3. Illusion » R: 60’ T: [Dice]×5’ diameter D: [Sum] minutes
You create an image of whatever you want. It can move as you desire, but it cannot create sound or smell. Illusions can only add to an environment, not subtract. At 1 SD, you can create a normal ~6’ tall humanoid. Illusions are “solid” if desired, but they pop when whacked. A Perception save is granted if someone has a reason to be suspicious.
4. Perception Share » R: 60’ T: [Dice] creatures D: [Sum] rounds
Target creatures have their sense of sight, sound, and smell replaced with the caster’s. If an Intelligence save is passed, the spell is negated; if all targets are willing, the effect lasts for [Dice]×10 minutes instead. The link has unlimited range, but all targets must be within the spell’s range when the spell is cast.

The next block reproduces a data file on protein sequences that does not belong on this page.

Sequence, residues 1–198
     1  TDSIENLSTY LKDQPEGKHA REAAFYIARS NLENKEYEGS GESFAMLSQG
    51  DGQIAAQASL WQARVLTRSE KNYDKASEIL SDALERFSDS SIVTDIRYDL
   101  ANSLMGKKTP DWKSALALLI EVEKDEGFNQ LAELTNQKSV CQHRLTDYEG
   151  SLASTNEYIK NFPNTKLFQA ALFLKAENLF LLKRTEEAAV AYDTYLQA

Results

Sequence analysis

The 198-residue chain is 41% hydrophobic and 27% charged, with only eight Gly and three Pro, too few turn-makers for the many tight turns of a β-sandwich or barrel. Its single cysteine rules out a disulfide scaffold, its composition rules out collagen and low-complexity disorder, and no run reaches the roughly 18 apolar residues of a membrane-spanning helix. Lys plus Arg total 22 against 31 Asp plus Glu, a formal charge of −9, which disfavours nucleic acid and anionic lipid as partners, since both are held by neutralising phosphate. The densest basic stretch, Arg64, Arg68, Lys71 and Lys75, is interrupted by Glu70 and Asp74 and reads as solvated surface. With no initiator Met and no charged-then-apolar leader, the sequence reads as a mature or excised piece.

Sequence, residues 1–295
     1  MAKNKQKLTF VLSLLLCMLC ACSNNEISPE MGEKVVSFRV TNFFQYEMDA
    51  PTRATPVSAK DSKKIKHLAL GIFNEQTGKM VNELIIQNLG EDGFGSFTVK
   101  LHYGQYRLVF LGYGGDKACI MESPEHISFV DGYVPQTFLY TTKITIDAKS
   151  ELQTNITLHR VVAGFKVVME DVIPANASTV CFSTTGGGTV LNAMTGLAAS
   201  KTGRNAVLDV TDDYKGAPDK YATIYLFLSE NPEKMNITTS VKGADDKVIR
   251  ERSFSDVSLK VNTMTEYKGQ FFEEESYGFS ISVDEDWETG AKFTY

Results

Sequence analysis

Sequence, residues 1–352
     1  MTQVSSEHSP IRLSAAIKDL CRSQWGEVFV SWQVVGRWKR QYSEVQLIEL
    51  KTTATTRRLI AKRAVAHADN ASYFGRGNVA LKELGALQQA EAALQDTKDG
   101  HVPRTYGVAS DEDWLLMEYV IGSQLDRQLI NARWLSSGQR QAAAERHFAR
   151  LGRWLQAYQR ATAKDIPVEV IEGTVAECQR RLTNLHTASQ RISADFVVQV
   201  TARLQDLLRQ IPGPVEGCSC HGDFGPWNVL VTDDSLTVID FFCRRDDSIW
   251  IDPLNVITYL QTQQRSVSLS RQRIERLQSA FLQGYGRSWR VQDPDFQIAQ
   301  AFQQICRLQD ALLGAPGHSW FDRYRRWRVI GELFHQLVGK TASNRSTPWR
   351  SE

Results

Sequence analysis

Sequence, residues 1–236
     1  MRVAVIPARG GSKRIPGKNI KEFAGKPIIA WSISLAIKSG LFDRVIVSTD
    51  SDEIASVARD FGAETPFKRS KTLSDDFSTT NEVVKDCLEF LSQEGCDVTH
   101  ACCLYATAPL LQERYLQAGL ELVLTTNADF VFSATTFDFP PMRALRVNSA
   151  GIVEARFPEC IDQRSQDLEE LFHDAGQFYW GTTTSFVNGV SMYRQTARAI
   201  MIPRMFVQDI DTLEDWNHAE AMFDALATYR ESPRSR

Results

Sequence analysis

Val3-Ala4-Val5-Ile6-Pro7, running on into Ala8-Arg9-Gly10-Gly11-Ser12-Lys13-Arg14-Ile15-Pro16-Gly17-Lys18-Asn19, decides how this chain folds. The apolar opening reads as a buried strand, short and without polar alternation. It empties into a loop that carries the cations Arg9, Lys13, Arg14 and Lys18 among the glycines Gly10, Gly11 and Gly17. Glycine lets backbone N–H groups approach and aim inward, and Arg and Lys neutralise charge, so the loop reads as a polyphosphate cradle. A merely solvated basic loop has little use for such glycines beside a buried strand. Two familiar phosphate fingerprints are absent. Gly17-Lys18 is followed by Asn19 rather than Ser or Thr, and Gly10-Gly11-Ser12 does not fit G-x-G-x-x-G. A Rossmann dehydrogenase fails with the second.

5. New Vision » R: touch T: single D: [Dice]×10 minutes
Target sees in infrared or ultraviolet vision. Infrared vision can see warm shapes as blobs of light at a range of 60’ in the dark; ultraviolet vision can see patterns on flowers and the outlines of magic.
6. Cipher » R: LoS T: text D: N/A
Encrypts or decrypts language or text. The spell TN should be stored alongside the encrypted text. If you are decrypting magically encrypted text, your [Sum] must exceed the spell TN created during the encryption. Non-magical texts are automatically decrypted. If your [Sum] exceeds 10, you may interpret the function of a magical item as if you had successfully studied it.
7. Confusion » R: 30’ T: creature D: [Sum] rounds S: INT
Target creature becomes unable to coordinate themselves. They suffer disadvantage on all applicable rolls, and cannot communicate or act on complex plans. “Run and smash thing” is workable; anything beyond that is not. Complex tasks like spellcasting are impossible. An Intelligence save negates the spell’s effects. Alternatively, an orb of confusion may be produced, which hovers in place and applies the effects of the spell within a 15’ radius.